Judith Viorst is the bestselling author of Forever Fifty and Suddenly Sixty. She continues to explore the decade markers of age with this breezy and hilarious collection of poems. There is plenty of spunk on these pages as well as accurate observations on aging in a country where everyone seems to want to be forever young.
Poems comment on marriage, sex, middle-aged children, and grandchildren. At 70, Viorst winces at all the pain and expense of keeping her teeth: "I wonder if maybe I should have at least considered / A water glass and a set of removable teeth." Although it is a pain to take off her glasses and miss seeing things, it does at least make physical flaws less glaring.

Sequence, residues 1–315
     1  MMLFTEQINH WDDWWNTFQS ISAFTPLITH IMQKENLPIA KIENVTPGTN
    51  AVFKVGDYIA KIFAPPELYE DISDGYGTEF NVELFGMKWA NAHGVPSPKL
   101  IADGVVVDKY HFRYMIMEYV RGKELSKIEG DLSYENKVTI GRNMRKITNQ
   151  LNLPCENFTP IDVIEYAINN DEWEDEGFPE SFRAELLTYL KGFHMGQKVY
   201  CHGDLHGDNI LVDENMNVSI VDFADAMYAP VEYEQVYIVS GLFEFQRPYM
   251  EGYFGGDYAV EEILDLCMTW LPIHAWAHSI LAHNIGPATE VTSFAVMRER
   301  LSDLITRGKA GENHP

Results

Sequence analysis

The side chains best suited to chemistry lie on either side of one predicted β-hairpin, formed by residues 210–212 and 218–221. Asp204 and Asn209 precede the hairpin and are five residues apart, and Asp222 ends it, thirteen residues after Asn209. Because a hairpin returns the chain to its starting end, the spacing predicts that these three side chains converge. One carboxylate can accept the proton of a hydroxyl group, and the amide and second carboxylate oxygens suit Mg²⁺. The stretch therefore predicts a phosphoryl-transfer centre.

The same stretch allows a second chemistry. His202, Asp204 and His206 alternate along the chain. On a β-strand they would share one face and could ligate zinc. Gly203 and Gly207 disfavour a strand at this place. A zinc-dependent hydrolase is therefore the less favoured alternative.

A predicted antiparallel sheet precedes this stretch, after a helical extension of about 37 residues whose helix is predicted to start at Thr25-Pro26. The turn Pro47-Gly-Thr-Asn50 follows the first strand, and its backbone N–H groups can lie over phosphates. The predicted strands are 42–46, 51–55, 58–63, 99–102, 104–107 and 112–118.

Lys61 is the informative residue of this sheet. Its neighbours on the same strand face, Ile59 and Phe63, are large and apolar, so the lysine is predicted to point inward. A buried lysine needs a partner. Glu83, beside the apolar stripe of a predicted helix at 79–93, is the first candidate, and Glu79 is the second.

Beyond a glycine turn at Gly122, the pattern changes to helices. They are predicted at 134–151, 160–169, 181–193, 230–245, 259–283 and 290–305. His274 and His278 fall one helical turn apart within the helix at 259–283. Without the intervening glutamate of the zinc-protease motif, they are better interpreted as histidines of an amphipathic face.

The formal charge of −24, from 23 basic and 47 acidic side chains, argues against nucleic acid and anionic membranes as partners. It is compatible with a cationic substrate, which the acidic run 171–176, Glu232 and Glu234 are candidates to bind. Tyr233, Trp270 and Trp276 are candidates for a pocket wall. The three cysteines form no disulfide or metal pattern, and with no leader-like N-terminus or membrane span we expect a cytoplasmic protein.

In "The Secret of Staying Married," Viorst notes: "Still married after all these years? / No mystery, / We are each other's habit, / And each other's history." Even so, the poet marvels how couples can overlook each other's old tapes that are playing over and over again like her tiresome bit as a driving coach and his hatred of opera ("he'd prefer having a prostate exam"). Still, Viorst vows to learn "a new trick or two" and to keep trying to improve herself no matter what.